SOCHI, Russia May 11 (Reuters) - Russian President Vladimir Putin oversaw on Wednesday the launch of a fourth and final electricity line from Russia to Crimea, which will almost completely end the peninsula’s reliance on the Ukrainian grid for its power.
Crimea was annexed by Russia from Ukraine in March 2014 following the flight of pro-Moscow Ukrainian President Viktor Yanukovich from Kiev as a result of violent street protests.
The peninsula has since suffered massive and prolonged power blackouts due to disruption of power flows by land from Ukraine.
The region plunged into darkness last November after electricity pylons in southern Ukraine that carry the lines supplying Crimea with the bulk of its power were blown up by unidentified people.
The authorities in Ukraine, where anger over the annexation is still raw, have shown little urgency in restoring the power supplies.
Moscow’s response has been to speed up work on a so-called “energy bridge” - a series of cables along the seabed - it is building across the Kerch Strait that separates Russia from Crimea.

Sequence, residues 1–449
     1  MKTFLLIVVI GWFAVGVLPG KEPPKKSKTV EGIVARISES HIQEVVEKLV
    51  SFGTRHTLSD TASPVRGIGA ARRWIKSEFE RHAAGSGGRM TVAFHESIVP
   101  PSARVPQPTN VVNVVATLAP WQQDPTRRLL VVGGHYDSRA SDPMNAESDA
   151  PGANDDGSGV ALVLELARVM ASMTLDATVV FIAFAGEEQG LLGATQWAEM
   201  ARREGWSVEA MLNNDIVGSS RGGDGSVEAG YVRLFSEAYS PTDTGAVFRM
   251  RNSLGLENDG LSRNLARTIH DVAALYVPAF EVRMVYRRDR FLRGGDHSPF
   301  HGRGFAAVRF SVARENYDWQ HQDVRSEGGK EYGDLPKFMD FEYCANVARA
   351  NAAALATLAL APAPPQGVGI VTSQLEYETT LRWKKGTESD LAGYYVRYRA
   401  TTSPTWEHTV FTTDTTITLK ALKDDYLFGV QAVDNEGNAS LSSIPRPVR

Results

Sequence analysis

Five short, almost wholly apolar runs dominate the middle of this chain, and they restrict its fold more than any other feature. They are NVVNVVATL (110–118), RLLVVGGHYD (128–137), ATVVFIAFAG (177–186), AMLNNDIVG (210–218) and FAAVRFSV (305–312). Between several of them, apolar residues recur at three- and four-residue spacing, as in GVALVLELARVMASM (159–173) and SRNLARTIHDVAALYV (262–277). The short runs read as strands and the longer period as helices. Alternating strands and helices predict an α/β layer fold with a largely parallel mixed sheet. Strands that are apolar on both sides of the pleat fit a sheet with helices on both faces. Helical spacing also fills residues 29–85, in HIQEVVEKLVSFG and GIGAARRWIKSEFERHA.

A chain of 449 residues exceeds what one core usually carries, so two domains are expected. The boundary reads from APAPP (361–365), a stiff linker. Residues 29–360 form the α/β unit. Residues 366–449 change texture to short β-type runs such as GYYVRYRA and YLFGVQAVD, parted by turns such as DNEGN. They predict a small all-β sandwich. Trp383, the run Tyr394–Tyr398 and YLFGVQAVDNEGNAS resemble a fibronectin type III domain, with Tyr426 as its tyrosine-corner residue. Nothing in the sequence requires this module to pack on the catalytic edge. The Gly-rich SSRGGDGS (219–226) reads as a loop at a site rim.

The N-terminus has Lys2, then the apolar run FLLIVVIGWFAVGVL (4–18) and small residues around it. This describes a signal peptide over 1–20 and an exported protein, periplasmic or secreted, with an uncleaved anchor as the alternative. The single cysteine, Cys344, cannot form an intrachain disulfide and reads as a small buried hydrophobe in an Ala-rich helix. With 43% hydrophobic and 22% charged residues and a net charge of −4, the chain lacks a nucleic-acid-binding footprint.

On Wednesday, Putin flagged the launch of the last power line to Crimea via a video link from his Black Sea residence in Sochi, Russia. This new line will bring total power supplies to Crimea to 800 Megawatts, which combined with the peninsula’s own capacity will be enough to satisfy its demand.
Crimea will have complete power self-sufficiency after completion of power stations that are under construction in the Crimean cities of Sevastopol and Simferopol.
Russia denies annexing Crimea, saying residents there voted to become part of Russia, and that Moscow acted to protect their freely-expressed will. (Reporting by Vladimir Soldatkin; Editing by Dmitry Solovyov)